London is home to many architectural and engineering marvels, and nowhere is this more evident than in its array of stunning bridges. There are a wide variety dotted throughout the city, many of which are interlinked with the history of the city itself.
In this blog, we’ll take a closer look at some of the most impressive bridges you’ll find on your next visit to London…
This remarkable bridge is one of the most easily identifiable symbols of London. The structure is named after the Tower of London, which is close to the bridge itself. It was built in 1894 in a Victorian Gothic style; Tower Bridge stretches across Southwark and Tower Hamlets, and is so well known that it is often mistaken for its neighbour, London Bridge, located around half a mile away.
Tower Bridge offers striking views, and has become a popular destination for visitors staying in the city. For those staying at a Bayswater Hotel in London, its easy to access the bridge and spend a day sightseeing. The walkways of Tower Bridge provide particularly panoramic vistas of the surrounding skyline, so be sure to take a camera.
There’s also a lot more to visiting Tower Bridge than simply seeing the bridge itself up-close. If you’re really eager to find out more about the history and heritage of the bridge, then there are a range of different tours which uncover all this information in vivid detail. In addition, the Tower Bridge Exhibition room allows you to see the River Thames from above, while providing access to the Victorian-era engine rooms which once helped operate the lift mechanism on the bridge itself.
This pedestrianised bridge connects Lambeth and Westminster. Its painted green, and provides a walkway and road for thousands of visitors each day eagerly travelling through London. As with many of the bridges on this list, Westminster Bridge has become a notable symbol of the city, and provides instant visual shorthand for visual media representing London.
Its first incarnation was developed during the 1700s by Swiss architect Charles Labelye, but a replacement was commissioned in 1854, with Thomas Page taking charge of design and construction. The bridge has seven distinctive archways, notable for their Gothic style – these elements were created by Charles Barry.
The bridge opened to the public in 1862, and was designed to work aesthetically in conjunction with the nearby Parliament buildings. History fans staying at the Grand Royale Hotel London will enjoy a trip here, and can also incorporate visiting the bridge with their general explorations around the city.
This steel suspension bridge differs from some of the other entries to this list, as it is relatively new by comparison. First opened for pedestrian access in 2000, it was created to celebrate the new Millennium, and is sometimes known better as the London Millennium Footbridge. The bridge links Bankside and the City of London, spanning the River Thames.
The bridge has a distinctive structure, with architectural elements which make it stand out from the more historic bridges in the city. During its earliest years, Millennium Bridge was nicknamed the ‘Wobbly Bridge’ by some Londoners due to its mild ‘swaying’ effect when crossing the river. Considerable work was undertaken to help remove this motion, with the bridge closing for around two years so it could be corrected and safety ensured.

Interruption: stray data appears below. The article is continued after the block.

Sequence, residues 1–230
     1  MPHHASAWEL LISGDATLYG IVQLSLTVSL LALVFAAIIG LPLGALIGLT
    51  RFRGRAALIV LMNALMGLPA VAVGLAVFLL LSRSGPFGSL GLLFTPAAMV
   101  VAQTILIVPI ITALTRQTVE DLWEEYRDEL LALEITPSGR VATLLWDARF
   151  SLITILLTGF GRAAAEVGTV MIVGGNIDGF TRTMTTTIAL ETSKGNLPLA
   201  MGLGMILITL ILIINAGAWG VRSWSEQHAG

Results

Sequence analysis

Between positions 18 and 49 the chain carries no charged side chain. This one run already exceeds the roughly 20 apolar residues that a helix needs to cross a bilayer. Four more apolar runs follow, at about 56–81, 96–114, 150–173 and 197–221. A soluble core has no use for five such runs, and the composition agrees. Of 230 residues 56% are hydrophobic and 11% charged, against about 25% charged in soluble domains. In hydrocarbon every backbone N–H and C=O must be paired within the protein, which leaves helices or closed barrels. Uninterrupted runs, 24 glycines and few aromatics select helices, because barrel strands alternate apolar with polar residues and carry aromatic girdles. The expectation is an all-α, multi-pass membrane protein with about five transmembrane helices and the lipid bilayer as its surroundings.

Millennium Bridge was designed following a competition held during 1996, which was ultimately won by the Arup Group, Foster and Partners and Anthony Caro. Before construction, some elements of the design were altered to help provide better views for those using the bridge. It is another of London’s iconic additions, and has featured heavily in film and television, as well as a number of notable music videos.
The southern side of the bridge is close to many of London’s key attractions, including the Globe Theatre and St Paul’s Cathedral.
London Bridge is another of the more modern bridges included on this list, having first opened to the public in 1973. It was developed as a replacement for an earlier bridge, which originated in the 19th century.
There have been many bridges in the city simply titled London Bridge, though this particular structure is the contemporary owner of this title. The bridge was built using a mixture of steel and concrete, and prior to its 19th century counterpart’s construction, there had once been a medieval bridge in the same spot – as well as evidence to suggest a bridge has existed in the site known as London Bridge ever since the Roman occupation.
The modern bridge is maintained and owned by Bridge House Estates, a charity first founded in the medieval period. It was designed by Lord Holford, a notable architect, and engineering talents Mott, Hay and Anderson. Construction began in 1967 and was completed in 1972, before being opened officially by Queen Elizabeth II the following year.
London Bridge is another significant part of the city’s culture, and close to a number of local tube stations. This ensures easy access for anyone staying at discount hotels in Bayswater.
This bridge is one of the most important in London. It opened in 1906 and has since developed into an integral part of London’s transport system. Its also achieved a Grade II listing, as a signifier of its importance and historical significance.
The bridge was built as a replacement of Regent Bridge, which had been opened in 1816. Both bridges endured a problematic construction process, with several redesigns and a number of different problems which delayed construction.
The current bridge was developed with a functional style, which led many architects to ponder how it could be made a little more creative. As a result of these discussions, architect Richard Norman Shaw added bronze statues to the piers, giving it a more decorative look and feel.